Habitat for Humanity Reveals New Home to Family — With a Surprise

By Lynette Carrington
Months of hard work orchestrated by hundreds of volunteers came to fruition last month when a refugee family from Somalia and Kenya, the Awdahirs, were able to see their new home, which was built by Habitat for Humanity Central Arizona and sponsored by Pima Medical Institute. The home, located in Central Mesa, was dedicated during a ceremony that was attended by dozens.
During the home reveal, the Awdahir family learned that Pima Medical Institute had also furnished the home for the family, which is not a typical scenario for a Habitat for Humanity home, but the Institute’s employees were so touched when it learned about the family that it wanted to help them further.
The family includes father Ahmed Awdahir, mother Fatuma Bare and their children Zakaria (age 6), Zuhayr (age 5), Yunis (age 4), Yusra (age3), Yunis Yusuf (age 2) and Zuheyla (age 3 months). They struggled living in a small apartment while Ahmed looked for a home, but then Ahmed and Fatuma heard about Habitat for Humanity’s program and applied for a no-interest home loan.
“We have a family selection committee and a family service team,” said Dusty Parsons, director of marketing and communications for Habitat for Humanity Central Arizona. “Families apply online or by phone, and then they go through an entire process with our family selection committee.”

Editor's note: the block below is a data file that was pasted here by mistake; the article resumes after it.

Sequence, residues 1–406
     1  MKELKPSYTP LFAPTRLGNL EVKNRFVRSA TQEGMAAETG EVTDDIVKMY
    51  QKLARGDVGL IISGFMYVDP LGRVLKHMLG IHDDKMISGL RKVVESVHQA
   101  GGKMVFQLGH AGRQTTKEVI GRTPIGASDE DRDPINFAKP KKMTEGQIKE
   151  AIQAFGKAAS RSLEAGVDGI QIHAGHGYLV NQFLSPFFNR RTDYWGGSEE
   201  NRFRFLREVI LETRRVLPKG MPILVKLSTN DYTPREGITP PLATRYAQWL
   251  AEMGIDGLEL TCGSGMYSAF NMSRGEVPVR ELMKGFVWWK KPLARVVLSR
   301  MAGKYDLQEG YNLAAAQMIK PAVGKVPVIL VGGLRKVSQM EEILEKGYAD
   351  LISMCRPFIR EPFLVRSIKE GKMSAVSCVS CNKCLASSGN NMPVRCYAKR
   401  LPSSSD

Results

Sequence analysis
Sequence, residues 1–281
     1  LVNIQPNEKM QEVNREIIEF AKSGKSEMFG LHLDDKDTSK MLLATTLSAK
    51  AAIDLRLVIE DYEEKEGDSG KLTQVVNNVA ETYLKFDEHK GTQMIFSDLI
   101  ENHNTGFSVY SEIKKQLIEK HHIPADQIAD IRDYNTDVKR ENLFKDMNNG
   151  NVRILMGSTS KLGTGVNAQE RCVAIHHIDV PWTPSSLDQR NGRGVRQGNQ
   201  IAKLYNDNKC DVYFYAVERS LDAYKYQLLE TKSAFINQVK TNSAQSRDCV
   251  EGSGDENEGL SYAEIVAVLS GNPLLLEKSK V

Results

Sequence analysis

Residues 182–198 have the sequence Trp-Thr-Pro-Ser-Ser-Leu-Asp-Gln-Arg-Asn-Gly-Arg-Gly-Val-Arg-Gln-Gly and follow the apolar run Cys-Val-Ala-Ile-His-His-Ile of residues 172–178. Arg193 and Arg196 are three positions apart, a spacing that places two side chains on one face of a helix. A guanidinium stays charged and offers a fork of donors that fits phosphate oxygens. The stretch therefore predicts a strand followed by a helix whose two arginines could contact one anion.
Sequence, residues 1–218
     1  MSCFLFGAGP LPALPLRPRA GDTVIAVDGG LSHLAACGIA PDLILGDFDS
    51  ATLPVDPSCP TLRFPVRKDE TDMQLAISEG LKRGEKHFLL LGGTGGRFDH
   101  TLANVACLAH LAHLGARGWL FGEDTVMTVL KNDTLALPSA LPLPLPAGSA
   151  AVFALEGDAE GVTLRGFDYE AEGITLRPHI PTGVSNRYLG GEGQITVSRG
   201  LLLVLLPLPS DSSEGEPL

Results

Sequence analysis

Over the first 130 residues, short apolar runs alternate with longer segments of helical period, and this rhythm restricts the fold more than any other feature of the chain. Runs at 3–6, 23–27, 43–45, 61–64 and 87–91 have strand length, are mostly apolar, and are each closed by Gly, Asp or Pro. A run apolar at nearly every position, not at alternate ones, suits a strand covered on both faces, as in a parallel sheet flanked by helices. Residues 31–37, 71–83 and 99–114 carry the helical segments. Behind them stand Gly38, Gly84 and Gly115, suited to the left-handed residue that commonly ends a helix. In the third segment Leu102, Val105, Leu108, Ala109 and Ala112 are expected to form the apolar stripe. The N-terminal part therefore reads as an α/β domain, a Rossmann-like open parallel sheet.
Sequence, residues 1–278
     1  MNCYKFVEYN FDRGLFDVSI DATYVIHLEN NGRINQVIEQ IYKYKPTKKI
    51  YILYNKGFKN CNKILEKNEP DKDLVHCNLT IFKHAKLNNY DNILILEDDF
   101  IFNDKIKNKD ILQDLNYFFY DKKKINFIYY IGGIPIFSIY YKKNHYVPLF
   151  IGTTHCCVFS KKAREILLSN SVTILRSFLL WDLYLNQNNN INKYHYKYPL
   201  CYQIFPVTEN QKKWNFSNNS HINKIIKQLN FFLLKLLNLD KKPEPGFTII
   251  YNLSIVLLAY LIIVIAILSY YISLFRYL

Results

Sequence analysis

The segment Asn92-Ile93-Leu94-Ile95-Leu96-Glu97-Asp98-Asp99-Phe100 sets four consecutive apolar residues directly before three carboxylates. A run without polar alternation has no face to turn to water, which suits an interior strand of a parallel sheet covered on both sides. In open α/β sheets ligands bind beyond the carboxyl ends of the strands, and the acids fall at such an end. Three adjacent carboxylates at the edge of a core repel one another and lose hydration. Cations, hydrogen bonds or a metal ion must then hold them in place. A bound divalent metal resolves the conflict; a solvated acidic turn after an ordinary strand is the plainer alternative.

Families have three criteria that must be met in order to be considered for a home: a need for affordable housing, the ability to pay back a no-interest loan, and the willingness to put in 400 hours of sweat equity into the home build. Some would get help from the Aardvark Electric, Inc.: electricians in Roswell, but others may not be able to do so.
Hundreds of volunteers put in hundreds of hours to build the four-bedroom, two-bath home. Pima Medical Institute’s volunteers also helped with the build of the house which took several months.
This was Pima Medical’s first home build. Roger Neuhaus is the chief development officer for Habitat for Humanity Central Arizona, and his wife works for Pima Medical Institute, which led them to do a home build in the Mesa area.
Pima Medical Institute board chairman Richard Luebke’s son, Tim Luebke is an interior designer based in the Denver area and he flew to the Valley to work on the interior design for the Awdahir’s new home. Some of the vendors that donated supplies and materials for the home build include Valspar, Hunter Douglas, Snyder Electric, Fry’s Food Stores and Whirlpool.
“Everything that Habitat for Humanity does is driven by volunteers,” said Neuhaus. “Here in the Valley we have more than 10,000 volunteers per year that get involved in some aspect of what we do.”
The morning home unveiling included a volunteer recognition program, a prayer and dedication for the home and a continental breakfast for gathered guests.
www.habitatcaz.org
www.pmi.edu

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